The New York Life building is a high-rise in the Library District of Kansas City. Built in a Neo-Renaissance style between 1887-90 by famous New York City architects McKim, Mead and White, it was a symbol of Kansas City’s prosperity in the late 19th-century as well as its reliance and faith in the money coming from the East, as Kansas City stood as a gateway to the West. The New York Life building is also considered to be Kansas City’s first skyscraper. The building mirrored the potential and investment coming to the area from all over the country, and it was the first manifestation of this prosperity. Today, the New York Life building is a centerpiece of the Library District neighborhood, and in 1970, the building was listed on the National Register of Historic Places.
The New York Life building represents one of the high points in the growth and development of Kansas City. Throughout the 1880s, the city was experiencing unprecedented growth in terms of trade, production, industry, population, and real estate transfers. Therefore, Kansas City was attracting a lot of attention in that time as an area for investment potential. Commissioned by the New York Life Insurance Company, who felt that Kansas City was to be the future center of western commerce, the New York Life building was designed in 1885 by the New York City architecture firm of McKim, Mead & White.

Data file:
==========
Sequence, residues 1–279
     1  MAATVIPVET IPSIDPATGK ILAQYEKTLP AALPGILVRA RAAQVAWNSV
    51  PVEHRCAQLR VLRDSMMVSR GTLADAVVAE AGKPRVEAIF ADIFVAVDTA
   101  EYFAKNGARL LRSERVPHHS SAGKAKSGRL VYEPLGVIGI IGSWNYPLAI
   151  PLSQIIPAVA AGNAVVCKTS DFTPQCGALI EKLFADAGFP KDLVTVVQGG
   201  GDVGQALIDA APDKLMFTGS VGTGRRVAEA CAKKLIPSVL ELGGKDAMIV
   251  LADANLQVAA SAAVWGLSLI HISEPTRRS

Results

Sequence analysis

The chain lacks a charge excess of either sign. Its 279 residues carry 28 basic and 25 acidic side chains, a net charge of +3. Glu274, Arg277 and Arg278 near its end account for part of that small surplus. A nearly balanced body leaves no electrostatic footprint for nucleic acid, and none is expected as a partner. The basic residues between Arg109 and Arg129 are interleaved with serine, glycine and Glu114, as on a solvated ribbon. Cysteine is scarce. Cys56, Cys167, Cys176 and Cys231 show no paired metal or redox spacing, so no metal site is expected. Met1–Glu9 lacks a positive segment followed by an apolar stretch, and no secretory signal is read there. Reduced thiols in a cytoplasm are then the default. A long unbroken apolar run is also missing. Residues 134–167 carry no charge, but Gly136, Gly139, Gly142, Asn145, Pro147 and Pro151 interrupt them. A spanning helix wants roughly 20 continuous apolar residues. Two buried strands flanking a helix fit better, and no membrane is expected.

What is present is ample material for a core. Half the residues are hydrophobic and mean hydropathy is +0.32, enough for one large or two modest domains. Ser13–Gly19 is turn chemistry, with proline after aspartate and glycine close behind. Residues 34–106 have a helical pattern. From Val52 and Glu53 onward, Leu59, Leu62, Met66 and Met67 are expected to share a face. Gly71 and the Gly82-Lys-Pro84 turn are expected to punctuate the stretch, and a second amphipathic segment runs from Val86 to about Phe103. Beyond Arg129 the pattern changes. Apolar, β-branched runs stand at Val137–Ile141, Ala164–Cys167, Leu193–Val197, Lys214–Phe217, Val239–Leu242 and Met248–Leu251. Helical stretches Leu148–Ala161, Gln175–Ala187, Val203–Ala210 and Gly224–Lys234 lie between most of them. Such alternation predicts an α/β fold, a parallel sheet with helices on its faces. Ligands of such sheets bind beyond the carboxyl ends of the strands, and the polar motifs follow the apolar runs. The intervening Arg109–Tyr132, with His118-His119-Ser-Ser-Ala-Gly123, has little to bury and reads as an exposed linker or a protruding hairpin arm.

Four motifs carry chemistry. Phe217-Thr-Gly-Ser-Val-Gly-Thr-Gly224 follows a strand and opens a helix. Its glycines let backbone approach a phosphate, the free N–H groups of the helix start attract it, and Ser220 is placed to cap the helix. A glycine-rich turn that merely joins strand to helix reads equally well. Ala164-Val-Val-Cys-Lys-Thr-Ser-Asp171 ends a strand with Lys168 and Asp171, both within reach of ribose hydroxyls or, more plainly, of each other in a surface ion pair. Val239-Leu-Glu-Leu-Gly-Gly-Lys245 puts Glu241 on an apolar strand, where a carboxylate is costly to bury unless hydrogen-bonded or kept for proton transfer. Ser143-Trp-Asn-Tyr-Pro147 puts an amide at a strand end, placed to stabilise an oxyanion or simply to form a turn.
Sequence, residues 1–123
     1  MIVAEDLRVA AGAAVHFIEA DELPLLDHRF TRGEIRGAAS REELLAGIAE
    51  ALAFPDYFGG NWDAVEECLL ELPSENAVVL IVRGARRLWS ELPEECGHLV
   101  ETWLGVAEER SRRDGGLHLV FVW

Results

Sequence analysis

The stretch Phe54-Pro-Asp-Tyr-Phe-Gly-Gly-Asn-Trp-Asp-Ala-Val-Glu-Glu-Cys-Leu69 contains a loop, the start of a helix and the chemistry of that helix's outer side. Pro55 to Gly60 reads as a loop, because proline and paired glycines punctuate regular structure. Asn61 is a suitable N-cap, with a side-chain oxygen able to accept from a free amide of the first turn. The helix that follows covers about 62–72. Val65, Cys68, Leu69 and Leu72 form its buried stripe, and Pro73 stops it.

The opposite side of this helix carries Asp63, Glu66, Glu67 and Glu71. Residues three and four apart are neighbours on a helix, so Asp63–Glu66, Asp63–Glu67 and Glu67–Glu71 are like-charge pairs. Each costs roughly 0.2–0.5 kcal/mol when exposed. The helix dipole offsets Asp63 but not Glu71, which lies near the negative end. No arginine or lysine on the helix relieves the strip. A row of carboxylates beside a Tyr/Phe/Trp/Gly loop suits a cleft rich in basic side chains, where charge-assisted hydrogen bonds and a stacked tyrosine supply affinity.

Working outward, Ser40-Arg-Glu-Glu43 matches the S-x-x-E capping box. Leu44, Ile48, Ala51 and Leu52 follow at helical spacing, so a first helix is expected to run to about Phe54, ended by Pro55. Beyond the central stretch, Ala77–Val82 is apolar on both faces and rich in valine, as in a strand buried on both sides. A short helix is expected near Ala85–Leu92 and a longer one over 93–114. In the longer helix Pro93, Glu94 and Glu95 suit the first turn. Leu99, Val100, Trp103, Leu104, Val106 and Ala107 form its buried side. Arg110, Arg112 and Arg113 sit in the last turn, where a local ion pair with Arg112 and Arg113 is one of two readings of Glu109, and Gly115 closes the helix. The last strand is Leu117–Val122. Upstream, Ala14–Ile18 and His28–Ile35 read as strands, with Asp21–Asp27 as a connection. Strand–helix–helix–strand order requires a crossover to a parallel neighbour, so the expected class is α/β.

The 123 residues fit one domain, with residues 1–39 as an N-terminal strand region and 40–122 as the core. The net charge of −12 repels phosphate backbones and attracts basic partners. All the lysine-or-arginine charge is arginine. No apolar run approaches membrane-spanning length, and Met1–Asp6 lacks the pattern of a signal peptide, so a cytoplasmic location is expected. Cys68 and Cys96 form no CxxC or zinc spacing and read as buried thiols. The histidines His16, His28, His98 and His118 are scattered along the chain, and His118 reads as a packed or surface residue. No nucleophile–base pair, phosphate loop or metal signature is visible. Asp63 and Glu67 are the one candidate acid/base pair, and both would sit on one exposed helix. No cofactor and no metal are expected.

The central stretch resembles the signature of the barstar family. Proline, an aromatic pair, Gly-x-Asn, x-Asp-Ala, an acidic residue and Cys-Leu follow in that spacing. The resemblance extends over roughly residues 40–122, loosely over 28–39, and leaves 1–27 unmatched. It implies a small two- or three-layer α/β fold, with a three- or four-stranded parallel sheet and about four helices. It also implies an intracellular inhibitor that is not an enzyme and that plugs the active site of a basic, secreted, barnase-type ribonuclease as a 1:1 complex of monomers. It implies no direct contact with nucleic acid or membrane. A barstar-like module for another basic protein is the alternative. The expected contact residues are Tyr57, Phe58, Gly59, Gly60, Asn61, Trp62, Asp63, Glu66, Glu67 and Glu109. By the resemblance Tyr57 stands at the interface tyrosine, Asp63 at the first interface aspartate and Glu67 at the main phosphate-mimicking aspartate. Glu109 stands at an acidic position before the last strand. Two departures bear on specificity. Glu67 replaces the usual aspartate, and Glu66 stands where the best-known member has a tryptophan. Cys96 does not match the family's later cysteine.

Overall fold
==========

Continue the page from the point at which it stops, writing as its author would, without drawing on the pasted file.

When completed in 1890, it was the city’s tallest and largest building and represented the city’s transition from “cow town” to a city of importance. Along with the building was substantial downtown development.1 The building was in use until 1988, when it was abandoned. Fortunately, in 1996, a $35 million restoration gave the building modern energy, environmental, and communications features. In 2010, the Roman Catholic Diocese of Kansas City-Saint Joseph purchased the building and renamed it the “Catholic Center.”2
Architects: McKim, Mead and White
This Neo-Renaissance Style office building symbolizes the faith of the moneyed East in Kansas City during the unprecedented prosperity of the 1880s. The bronze eagle was cast in the studio of Augustus Saint Gaudens. The barrel-vaulted, skylighted lobby, mosaic floors and lavish use of marble and cherry-wood characterize the fine design. Entered on the National Register of Historic Places in 1970.3